Actually, even the very fact that most people don’t understand crypto should be a massive red flag – you simply must know how it all works if you don’t want to be defrauded and lose money.
I suppose clients of FTX, who collectively lost more than $8 billion, were late to find out the answer. Did they know what they were getting into? Do they realize it’s virtually impossible to recoup the lost money because the FTX bankruptcy was literally paperless?
Much-needed regulation or a slippery slope?
Well, maybe not. What Greenberg is telling the world in his book is that decrypting the blockchain and getting at least some of the money back is feasible because it’s been done before.
The authorities are also finally moving forward with restrictions on financial privacy. Since the end of 2021, any cryptocurrency business doing a transaction worth more than $10,000 is required to report the Social Security number on the other side of the transaction to the IRS.
Some activists claim this is bad news for civil liberties and a massive expansion of a surveillance state.
But, again, the IRS-CI agents and other types of geeks have already shown that no money except small change in cash is truly private – so why the fuss about the much-needed regulation? Besides, nation-states, likeRussia or North Korea, are evading sanctions with precisely the help of crypto.
Greenberg quotes Matthew Green, a Johns Hokpins computer scientist and cryptographer, who said that from his first look at bitcoin back in 2011, he understood the blockchain is not at all anonymous.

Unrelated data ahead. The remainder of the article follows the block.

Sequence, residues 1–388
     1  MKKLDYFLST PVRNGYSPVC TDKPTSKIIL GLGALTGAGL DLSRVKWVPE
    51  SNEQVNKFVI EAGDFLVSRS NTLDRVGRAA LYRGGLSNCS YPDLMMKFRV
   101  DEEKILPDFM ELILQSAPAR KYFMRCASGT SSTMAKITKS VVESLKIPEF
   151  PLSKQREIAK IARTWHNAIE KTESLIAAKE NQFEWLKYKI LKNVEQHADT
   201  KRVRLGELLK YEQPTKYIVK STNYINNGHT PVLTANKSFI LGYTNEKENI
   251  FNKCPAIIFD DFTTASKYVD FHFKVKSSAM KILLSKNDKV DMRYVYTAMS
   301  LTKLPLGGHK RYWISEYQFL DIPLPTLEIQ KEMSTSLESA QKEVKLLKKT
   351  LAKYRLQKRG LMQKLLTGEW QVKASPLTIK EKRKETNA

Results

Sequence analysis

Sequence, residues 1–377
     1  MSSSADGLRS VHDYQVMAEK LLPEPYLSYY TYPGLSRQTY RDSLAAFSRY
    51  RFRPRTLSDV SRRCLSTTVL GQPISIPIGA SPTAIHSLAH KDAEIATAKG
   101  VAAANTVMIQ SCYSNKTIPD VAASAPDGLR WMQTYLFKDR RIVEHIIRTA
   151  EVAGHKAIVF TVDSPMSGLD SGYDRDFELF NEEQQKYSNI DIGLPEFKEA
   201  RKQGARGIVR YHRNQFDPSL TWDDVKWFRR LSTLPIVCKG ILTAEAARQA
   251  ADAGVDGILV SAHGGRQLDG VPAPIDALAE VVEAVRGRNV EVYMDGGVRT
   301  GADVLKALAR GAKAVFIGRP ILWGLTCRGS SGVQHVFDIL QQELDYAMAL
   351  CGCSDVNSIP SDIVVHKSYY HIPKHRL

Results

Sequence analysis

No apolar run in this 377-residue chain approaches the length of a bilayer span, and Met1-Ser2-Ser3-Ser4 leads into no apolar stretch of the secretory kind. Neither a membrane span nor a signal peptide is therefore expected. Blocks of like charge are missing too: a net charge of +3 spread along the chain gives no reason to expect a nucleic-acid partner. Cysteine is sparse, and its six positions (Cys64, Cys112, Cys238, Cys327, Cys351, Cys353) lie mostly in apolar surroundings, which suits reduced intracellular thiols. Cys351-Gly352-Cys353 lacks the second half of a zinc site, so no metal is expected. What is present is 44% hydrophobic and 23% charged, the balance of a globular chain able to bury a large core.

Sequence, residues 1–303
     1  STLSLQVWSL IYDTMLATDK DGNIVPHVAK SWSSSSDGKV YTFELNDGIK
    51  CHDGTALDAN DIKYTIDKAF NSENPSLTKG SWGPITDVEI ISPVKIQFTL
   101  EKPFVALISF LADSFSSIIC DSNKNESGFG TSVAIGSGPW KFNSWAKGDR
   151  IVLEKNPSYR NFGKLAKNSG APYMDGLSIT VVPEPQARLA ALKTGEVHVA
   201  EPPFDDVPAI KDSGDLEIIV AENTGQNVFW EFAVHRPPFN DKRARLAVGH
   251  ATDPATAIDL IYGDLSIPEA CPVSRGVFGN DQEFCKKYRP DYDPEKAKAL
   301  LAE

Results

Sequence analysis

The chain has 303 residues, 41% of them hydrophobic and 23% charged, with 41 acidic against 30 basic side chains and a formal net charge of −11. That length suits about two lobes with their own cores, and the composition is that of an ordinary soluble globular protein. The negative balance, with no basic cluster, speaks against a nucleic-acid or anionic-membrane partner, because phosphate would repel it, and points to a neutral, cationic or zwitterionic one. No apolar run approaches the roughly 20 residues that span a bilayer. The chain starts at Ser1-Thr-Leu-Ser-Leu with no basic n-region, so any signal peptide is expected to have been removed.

“The privacy is not there,” he said. “You know like, you’re buying an ice cream cone, and then it turns out not to be an ice cream cone but the exact opposite of an ice cream cone? That’s how I think about bitcoin.”
There is potential for the slippery slope to start, though, according to the much-quoted Meiklejohn, the scientist. She is glad that the blockchain analysis helps trace dark web market deals, ransomware revenue, and crypto heists.
But there’s no reason it stops here. Dictatorships can abuse such services and start tracing the finances of protesters.
Another important factor is the fact that the ransomware problem is so huge that one cannot solve it by seizing a few million dollars out of the hundreds of millions flowing into cybercriminal wallets.
As one of the agents tells us in Greenberg’s book, many investigators simply avoid taking on ransomware cases because most of the key players are in Russia and remain untouchable. Resources are too expensive to waste them on a name-and-shame – and so the game continues.